Should you change your domain name or keep trucking with the domain that you have knowing that you are losing traffic, and revenue, daily?
That’s a big question. Obviously, I can’t answer this question for every online marketer without first looking at your website and your overall situation, but I hope I can at least give you some food for thought.
There are different categories of websites, and website owners. Here is the basic break down as I see them:
- Cookie-cutter websites – These websites follow the same design pattern and the webmasters who own them generally own more than one. They build a website that is successful then model all others on that one site. A lot of these websites are made-for-AdSense websites and you’ll often find them penalized after the owner has run afoul of search engine guidelines.
- Unique passive-income website – This could be a made-for-AdSense website or not, but it is clear that the revenue from the site is derived from ad clicks or affiliate links. The owner doesn’t have to continually maintain the site to earn revenue, but it does have a unique design.
- Unique online business model – Not only does this website have a unique design, but it also has its own business model that requires active maintenance on the part of the owner.
- Online extension of an off-line business – This website is the website of a previously existing off-line business and has a unique design as a result.
When Should You Change Domain Names And Move On?
When it comes to online marketing, there is one scenario where the type of your website is not an issue. If your site has been penalized for bad links, then that domain name is likely shot forever regardless of which category it falls into. Your best bet is likely to be to build another website and start over. The only exception would be if you could go back and delete all of the bad incoming links, but that is rarely possible, and even if it is, it may not help you much.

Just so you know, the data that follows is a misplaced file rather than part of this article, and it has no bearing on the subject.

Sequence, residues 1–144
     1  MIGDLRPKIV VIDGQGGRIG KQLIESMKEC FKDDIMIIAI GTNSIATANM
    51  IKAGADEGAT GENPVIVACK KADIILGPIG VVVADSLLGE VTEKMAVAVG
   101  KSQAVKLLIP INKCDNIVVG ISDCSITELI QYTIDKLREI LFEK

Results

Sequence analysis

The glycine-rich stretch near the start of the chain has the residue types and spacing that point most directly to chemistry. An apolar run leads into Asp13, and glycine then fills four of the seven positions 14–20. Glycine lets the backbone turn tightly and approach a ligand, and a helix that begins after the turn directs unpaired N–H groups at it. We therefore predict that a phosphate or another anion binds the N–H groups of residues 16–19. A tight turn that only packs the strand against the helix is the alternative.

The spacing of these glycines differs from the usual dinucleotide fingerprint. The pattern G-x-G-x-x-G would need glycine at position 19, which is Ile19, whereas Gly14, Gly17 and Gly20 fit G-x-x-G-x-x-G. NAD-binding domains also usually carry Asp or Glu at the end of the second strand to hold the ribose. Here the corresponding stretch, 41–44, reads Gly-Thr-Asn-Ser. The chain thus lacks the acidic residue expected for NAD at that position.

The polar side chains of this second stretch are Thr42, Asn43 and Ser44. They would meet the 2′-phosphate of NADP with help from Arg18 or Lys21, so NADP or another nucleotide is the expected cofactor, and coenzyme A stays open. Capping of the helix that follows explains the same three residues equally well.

Beyond that, there are times when running afoul of search engine guidelines could be a temporary situation if you correct the deficiencies. In those cases, you can probably get by with your current domain name provided that you identify your problems and address them.
There are times when a site is penalized when the owners have done nothing wrong. If you wait it out, you’ll likely see your site regain lost traffic and revenue.
But here’s the catch: Those cookie-cutter websites probably aren’t doing you any favors. If you have several websites that look the same, even if the content is all unique, then that could be a red flag for the search engines. I’d say redesign the sites and see what happens. If your traffic and revenue don’t return after six months or so, then build yourself another site.
How To Decide If Changing Domain Names Isn’t Counterproductive?
You have to weigh the lost revenue against the time you spend trying to figure out the problem. There was a time when figuring out what has gone wrong wasn’t counterproductive, but post-Panda, that time is gone. The Panda algorithm update is such a mystery that hardly anyone knows even now what it addressed, why, or how. Sometimes, the best thing to do is count your losses and run.